The combined effects of the provision of feed and healthcare on nutrient utilization and growth performance of sheep during the early or late dry season
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Konlan, S.P., Ayantunde, A., Addah, W. and Dei, H.K. 2017. The combined effects of the provision of feed and healthcare on nutrient utilization and growth performance of sheep during the early or late dry season. Tropical Animal Health and Production 49(7):1423–1430.
Permanent link to cite or share this item: https://hdl.handle.net/10568/89128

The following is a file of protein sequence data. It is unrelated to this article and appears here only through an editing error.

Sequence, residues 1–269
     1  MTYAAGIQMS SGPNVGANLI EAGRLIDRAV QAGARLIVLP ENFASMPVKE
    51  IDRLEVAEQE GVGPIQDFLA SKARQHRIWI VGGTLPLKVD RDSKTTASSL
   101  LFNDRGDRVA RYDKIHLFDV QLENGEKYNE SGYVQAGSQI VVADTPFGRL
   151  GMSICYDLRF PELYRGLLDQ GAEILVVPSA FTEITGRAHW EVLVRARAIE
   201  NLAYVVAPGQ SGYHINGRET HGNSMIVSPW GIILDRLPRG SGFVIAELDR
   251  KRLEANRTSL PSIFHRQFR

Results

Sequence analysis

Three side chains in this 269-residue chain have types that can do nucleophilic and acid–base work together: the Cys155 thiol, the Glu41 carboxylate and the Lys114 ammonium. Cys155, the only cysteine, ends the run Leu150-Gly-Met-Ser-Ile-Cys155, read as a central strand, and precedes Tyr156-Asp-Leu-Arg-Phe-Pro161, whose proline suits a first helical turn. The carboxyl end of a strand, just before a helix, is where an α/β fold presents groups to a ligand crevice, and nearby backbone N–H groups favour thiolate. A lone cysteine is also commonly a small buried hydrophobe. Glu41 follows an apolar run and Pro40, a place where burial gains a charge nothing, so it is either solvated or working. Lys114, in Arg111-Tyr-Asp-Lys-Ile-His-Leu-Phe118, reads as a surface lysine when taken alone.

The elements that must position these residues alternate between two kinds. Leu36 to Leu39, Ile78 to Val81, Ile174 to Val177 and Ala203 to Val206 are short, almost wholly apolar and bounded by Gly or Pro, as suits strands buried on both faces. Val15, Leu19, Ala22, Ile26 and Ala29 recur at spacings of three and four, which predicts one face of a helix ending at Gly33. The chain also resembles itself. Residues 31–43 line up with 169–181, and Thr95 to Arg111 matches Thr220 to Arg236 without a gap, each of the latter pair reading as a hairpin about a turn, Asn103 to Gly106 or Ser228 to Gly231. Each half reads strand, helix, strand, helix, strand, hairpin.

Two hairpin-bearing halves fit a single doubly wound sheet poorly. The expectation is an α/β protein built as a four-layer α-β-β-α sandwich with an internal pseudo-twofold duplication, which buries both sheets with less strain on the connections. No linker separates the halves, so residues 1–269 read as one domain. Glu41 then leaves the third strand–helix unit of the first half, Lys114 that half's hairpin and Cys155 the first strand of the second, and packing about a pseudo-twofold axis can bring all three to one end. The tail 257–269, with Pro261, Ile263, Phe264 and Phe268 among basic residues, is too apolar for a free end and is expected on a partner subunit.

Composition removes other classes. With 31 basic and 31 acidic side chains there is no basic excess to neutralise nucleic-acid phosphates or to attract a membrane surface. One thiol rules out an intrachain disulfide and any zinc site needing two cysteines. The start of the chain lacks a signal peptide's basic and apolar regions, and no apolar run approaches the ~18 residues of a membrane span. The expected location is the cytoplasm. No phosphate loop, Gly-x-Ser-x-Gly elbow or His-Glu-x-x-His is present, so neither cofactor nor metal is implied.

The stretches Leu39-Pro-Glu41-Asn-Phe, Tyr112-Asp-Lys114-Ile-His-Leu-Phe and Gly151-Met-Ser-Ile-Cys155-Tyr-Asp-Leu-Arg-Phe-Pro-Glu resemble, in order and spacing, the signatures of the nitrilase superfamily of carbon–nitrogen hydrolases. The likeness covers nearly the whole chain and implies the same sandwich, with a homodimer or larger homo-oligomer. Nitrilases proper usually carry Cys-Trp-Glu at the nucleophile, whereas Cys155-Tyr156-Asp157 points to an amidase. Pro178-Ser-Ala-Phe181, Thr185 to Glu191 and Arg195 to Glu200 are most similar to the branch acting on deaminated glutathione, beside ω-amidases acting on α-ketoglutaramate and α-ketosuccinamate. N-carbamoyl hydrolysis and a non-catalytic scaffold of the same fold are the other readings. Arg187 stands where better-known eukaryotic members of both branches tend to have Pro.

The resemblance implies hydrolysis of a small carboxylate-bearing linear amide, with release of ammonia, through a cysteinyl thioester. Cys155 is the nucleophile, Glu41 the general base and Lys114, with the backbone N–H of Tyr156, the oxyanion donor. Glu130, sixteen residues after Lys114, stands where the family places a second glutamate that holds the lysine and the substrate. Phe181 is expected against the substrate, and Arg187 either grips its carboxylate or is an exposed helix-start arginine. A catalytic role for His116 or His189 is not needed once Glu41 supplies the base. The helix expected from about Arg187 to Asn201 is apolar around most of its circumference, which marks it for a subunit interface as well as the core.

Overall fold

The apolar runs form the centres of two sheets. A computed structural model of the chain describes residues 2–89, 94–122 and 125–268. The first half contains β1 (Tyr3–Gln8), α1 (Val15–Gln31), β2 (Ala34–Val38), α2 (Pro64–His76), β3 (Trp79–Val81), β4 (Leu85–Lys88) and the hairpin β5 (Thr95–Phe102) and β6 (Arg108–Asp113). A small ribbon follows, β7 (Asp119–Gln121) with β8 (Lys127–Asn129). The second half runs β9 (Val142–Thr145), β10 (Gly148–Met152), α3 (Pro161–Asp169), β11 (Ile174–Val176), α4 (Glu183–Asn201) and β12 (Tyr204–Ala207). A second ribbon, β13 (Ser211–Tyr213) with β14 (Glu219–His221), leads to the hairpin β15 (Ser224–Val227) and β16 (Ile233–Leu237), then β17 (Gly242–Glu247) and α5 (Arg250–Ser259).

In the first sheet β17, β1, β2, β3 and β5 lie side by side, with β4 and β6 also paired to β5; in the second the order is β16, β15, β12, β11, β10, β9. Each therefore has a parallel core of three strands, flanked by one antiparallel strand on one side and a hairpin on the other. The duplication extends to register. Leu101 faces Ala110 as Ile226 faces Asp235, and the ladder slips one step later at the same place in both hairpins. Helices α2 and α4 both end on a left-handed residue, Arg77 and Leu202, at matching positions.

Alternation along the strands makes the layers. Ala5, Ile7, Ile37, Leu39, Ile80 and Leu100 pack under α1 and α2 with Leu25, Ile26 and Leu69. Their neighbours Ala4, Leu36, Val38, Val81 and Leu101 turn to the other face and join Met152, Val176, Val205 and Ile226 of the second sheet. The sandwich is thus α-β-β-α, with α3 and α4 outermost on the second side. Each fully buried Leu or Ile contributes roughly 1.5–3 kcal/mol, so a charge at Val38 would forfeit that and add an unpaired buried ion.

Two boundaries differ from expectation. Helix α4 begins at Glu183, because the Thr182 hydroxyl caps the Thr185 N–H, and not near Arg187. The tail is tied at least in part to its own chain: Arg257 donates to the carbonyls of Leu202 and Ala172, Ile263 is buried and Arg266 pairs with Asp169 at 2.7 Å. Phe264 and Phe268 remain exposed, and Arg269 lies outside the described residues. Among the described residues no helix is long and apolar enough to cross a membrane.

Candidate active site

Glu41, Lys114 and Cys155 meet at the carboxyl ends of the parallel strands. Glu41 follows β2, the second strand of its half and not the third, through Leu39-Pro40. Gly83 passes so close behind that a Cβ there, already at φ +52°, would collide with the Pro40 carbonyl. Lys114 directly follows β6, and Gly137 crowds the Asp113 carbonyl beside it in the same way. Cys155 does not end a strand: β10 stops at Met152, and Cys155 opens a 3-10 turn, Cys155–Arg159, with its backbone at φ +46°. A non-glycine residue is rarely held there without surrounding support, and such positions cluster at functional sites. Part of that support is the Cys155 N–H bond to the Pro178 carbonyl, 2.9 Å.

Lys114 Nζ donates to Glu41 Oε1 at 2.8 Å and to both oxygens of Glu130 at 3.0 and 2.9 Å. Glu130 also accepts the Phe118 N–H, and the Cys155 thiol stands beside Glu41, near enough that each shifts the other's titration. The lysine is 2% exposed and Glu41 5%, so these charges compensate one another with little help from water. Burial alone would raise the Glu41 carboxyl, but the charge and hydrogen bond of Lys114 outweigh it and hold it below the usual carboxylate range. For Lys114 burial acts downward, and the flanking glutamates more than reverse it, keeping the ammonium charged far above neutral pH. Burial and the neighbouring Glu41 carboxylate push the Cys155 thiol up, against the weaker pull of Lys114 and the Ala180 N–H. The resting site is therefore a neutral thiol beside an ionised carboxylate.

An on-farm study was conducted to determine the combined effects of the provision of feed and healthcare on nutrient use and growth performance of sheep during the early or late dry season. A total of 36 smallholder sheep farmers with a flock size of ≤7 was randomly selected within each of the three administrative regions in Northern Ghana. The sheep grazed on a heterogeneous natural pasture and offered crop residues as basal diet (control) or were additionally provided with a concentrate feed plus orthodox healthcare to control diseases and pests (CH) in a completely randomized block design. The provision of orthodox healthcare included scheduled control of endo- and ecto-parasites and administration of broad-spectrum antibiotics. Data was analyzed for the fixed effects of CH, season, or CH × season using the mixed model procedure of Genstats®. The CH regimen had no effect (P = 0.098) on intake of natural pasture but pasture intake increased (P = 0.012) during the late dry season. Sheep on the CH regime had higher DM (P = 0.026) and N (P = 0.068) digestibility and improved ADG (P = 0.001) and feed conversion efficiency (P = 0.020) than those on the control. We hypothesize that improvements in growth performance of sheep on the CH regimen could be related to availability of nutrients for growth that will otherwise have been used for repair of damaged tissues caused by gastrointestinal parasites and ticks. Sheep on the CH regimen also had a higher concentration of fecal N during the late dry season when CP concentration was relatively higher than that in the early dry season (63.2 vs 60.9 g/day DM) when CP concentration of pasture was lower.